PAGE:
Working From Home (& Office Space Reduction)

People started working from home a long time ago. Bringing home a briefcase full of documents was replaced with bringing home your laptop. Cell phones made many people available virtually around the clock. And since the internet became ubiquitous and fast, you can now connect to the office via a VPN and access the office network. So ever so subtly, it became the new norm. The pandemic accelerated the pace when many people were forced to work from home.

As with everything, it’s a spectrum – one the one side, people are productive when left to work unsupervised, on the other side, they are not. Managers and supervisors need to determine where in this spectrum their staff lies. Students and trainees (and of course their mentors and managers) will have to spend more time at the office.

For and against. (Wild generalizations) Extroverts get their energy from people, so they are more likely to want to go back to an office bustling with energy. Introverts like being alone – so are more likely to be happy to work alone. Many people work more hours from home than they would from the office. There are fewer distractions when you work from home, and many people use their commute time to work.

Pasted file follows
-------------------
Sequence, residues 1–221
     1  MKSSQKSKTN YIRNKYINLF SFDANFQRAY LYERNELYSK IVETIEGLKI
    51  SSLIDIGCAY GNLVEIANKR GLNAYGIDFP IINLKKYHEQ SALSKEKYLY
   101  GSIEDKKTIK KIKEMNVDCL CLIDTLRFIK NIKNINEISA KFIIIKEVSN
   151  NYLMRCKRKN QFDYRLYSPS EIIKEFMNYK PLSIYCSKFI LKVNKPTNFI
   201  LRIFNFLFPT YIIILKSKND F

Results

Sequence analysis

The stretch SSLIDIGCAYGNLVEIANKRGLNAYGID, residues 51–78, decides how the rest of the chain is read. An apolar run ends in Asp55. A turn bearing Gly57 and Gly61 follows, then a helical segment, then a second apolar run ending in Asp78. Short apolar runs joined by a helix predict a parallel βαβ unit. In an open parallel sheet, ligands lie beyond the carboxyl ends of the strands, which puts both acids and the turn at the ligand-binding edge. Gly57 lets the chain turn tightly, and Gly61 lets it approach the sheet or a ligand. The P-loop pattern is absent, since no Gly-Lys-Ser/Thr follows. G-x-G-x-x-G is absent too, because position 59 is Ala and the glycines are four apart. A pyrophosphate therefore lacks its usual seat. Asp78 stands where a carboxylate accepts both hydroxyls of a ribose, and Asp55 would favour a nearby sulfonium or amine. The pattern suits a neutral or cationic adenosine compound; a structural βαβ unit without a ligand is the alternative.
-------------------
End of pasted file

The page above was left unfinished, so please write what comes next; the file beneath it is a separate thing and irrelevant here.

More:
With modern communication, most people can work from home / anywhere as we have seen during the pandemic. The final outcome will probably be a hybrid scenario where people spend various amounts of time at the office. The old paradigm of having a body in a chair is just that – the old paradigm. Very few people are going to miss the daily commute. Especially the people with long commutes and terrible traffic.

Expecting of people to return to the office will certainly be met with varying degrees of resistance. Let’s see: Who don’t want to go – Introverts who can work from home and who has a long commute to the office. Who would want to go? Extroverts who live close to the office.

This brings us to the office space reduction part

Let’s say 20% of the staff need to be at the office permanently, and to keep it simple, the other 80% need or want to be at the office 2 days a week or 40% of the time (Assume a sliding scale where some people are there more and some less, but it averages out on 2 day a week for the 80%)

Suddenly, you need 20% plus 40% of the 80% which works out to 52% of your current office space. Let’s say your office has a staff compliment of 100. 20% is 20 people and 40% of 80 people is 32) Meaning you only need (roughly) half your office space. Having the 80% of your staff in the office for one day a week, it drops your space requirement to 36%. Now please pull out your calculators and spreadsheets, take the amount you pay for office rental (Add electricity, coffee, cleaning and so on) and calculate what you can save per month. (Then, multiply by 12 and then by 5 to see how much you will save in 5 years)

Leave a Comment